Rice Health Advisors talk new website, engagement
Lily Remington / Thresher
Rice Health Advisors have launched a new website that includes a description of the RHA role on campus, a list of RHAs across campus and a compilation of curated resources.
A central feature of the website is its “Find an RHA” feature, which allows users to connect with RHAs across campus with experience in 34 subjects. Categories range from general feelings of depression and anxiety to more specific issues such as finding a sense of belonging and feelings of homesickness.
“Once you click on an experience or emotion you may be feeling, it’ll take you to a page with pictures and bios of certain RHAs across campus,” Yuv Sachdeva, a Jones College Head RHA, said. Sachdeva, a junior, led the project’s development. “The RHAs who show up have not only expressed interest and experience in that topic, but also a willingness to talk about it with you.”
Allison He began working on the project as part of a Rice Design for America group project, where students develop design solutions to real-world problems. She said the website was developed after researching various options to increase awareness of the RHA role.
“[The Design for America team] specifically worked on addressing why there was a lack of visibility of RHAs on campus and how we could find a solution to increase engagement amongst students with RHAs,” He, a Hanszen College junior, said. “The entire semester, we reached out to students [and] the wellbeing office and talked to all these different users and stakeholders of the RHA program.”
Sachdeva said the new website is part of a broader effort to increase awareness and use of the RHA role and maintain RHA engagement over time.
“Something that we learned from conducting interviews to form the website is that people don’t have the highest perceptions of RHAs … [even though] we’ve been trained in issues of mental health, first aid, CPR, suicide prevention and conflict resolution,” Sachdeva said. “After their training, [RHAs] hope to be used as a resource, but we found that a lot of RHAs lose their commitment over time.”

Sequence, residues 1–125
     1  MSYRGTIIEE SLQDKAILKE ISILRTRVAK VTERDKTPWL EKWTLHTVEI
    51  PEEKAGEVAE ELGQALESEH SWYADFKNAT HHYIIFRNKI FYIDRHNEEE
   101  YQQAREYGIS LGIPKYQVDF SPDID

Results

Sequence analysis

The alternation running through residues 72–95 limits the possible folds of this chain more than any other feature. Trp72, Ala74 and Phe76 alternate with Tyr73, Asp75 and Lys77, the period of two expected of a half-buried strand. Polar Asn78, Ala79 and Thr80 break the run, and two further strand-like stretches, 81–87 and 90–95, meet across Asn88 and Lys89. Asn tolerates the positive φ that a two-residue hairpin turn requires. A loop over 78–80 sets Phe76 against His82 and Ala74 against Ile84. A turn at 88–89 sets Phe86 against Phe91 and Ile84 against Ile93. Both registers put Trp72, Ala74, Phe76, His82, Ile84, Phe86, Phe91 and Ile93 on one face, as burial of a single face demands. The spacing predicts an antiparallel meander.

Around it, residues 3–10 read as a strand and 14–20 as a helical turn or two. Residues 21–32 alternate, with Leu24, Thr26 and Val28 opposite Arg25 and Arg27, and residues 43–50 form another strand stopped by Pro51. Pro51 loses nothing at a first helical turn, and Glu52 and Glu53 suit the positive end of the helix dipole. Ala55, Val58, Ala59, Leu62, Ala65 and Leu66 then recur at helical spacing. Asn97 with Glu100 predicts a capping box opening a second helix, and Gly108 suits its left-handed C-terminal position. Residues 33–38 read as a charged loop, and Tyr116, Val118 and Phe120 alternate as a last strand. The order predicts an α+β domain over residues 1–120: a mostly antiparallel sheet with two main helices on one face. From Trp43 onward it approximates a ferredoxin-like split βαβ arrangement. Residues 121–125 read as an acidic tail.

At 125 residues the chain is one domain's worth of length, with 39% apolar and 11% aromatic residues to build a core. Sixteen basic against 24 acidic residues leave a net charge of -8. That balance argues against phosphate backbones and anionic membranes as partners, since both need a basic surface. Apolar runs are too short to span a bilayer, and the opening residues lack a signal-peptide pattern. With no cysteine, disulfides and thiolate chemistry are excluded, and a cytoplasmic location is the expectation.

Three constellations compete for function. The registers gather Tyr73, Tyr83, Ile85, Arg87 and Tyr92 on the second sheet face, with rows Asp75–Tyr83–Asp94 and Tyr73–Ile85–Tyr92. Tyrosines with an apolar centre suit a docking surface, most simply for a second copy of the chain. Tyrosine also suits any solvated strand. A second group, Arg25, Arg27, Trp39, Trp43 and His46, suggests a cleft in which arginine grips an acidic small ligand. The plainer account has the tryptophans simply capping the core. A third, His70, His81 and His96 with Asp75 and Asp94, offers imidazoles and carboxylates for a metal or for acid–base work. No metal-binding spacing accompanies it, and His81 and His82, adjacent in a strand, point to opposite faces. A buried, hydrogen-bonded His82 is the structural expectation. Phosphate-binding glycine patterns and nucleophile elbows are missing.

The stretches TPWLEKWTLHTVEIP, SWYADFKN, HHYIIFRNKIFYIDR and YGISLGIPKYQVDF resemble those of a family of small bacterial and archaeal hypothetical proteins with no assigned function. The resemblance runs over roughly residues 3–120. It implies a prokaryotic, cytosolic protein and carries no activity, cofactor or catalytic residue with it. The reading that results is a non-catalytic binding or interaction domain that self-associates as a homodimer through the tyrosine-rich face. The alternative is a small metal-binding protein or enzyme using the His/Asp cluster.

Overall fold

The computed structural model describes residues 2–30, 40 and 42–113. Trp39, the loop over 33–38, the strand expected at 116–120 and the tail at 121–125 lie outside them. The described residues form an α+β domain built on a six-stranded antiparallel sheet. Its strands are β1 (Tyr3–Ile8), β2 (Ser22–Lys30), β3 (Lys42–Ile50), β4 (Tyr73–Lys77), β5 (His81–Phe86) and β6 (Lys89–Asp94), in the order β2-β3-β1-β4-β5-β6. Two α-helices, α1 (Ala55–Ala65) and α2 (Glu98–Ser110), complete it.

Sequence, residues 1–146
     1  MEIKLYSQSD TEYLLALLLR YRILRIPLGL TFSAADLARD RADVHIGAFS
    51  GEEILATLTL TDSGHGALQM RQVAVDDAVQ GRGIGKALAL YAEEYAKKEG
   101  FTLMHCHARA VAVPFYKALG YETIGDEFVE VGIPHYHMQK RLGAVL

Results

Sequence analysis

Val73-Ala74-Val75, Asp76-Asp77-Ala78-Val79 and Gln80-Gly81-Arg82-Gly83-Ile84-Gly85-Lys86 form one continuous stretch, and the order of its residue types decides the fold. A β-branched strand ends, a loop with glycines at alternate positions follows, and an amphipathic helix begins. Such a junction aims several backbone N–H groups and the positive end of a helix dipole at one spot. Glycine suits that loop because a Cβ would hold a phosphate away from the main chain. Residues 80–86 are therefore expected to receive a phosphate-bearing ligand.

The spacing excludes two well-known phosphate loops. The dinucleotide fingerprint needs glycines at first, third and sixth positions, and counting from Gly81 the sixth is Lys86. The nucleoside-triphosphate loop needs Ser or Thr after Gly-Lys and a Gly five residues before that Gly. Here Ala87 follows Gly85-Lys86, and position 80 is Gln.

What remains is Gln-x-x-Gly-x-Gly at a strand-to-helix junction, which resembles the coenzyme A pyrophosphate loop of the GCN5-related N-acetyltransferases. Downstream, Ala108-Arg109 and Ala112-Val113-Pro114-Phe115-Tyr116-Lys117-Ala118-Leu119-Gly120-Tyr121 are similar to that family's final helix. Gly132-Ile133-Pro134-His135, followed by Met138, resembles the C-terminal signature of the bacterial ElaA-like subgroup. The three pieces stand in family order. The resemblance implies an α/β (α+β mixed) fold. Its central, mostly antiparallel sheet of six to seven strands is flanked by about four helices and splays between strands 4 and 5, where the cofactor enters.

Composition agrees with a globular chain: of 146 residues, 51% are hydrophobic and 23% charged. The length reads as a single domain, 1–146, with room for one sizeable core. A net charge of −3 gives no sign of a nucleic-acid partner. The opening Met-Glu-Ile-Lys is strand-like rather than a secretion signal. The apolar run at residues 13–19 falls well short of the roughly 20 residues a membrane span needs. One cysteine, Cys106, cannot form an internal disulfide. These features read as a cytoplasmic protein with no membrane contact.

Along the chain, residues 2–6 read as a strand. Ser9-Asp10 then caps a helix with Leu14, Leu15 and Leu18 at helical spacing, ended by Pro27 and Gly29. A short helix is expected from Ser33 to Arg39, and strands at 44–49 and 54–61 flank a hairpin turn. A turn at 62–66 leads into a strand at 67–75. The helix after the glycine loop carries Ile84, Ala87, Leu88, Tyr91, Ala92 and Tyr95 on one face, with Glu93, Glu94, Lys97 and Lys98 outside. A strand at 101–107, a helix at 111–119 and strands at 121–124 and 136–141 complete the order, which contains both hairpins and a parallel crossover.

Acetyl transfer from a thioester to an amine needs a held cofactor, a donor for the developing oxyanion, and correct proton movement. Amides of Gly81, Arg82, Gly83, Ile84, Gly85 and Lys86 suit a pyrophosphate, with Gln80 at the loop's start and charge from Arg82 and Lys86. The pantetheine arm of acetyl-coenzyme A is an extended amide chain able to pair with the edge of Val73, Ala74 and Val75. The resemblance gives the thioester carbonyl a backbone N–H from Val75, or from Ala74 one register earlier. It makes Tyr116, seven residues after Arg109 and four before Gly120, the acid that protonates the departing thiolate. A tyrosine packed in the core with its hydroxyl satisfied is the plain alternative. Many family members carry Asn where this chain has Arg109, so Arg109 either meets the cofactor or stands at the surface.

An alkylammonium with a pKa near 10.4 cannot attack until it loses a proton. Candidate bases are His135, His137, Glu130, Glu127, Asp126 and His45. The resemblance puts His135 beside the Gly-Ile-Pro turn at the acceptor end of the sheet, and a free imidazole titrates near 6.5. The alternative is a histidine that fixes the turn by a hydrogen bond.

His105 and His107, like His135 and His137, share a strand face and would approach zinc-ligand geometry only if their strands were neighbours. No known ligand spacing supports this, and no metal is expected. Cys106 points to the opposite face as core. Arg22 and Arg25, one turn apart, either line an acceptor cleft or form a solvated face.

Jasmine Beveridge, a Lovett College Head RHA, said the website will also allow students to connect with external RHA resources that don’t exist within their own residential college.
“The website also makes RHAs more of a campus-wide thing — something that isn’t just dependent on your college,” Beveridge, a senior, said. “With the website, you can get the people and resources from different colleges that may be more suited for whatever you need help with.”
Assistant Director of Wellbeing Programs in Education Elisa Moralez helped oversee the project.
“It can sometimes be challenging for students to feel comfortable reaching out to anybody. Mental health can be really hard to talk about, regardless of your age or even the topic you’re discussing,” Moralez said. “We’re hoping that through the website, it’ll be easier to find your fellow students to talk about your desired topics.”
Moralez said the Wellbeing Office will revisit the project’s results to see how the RHA role is affected by the new website.
“[The Wellbeing Office will] have a better idea of future goals for the RHA program after a couple of months of seeing what the website is able to do,” Moralez said. “If it uncovers some otherwise unknown need, or if it addresses some of the accessibility concern [of RHAs], that would be a good sign for us.”
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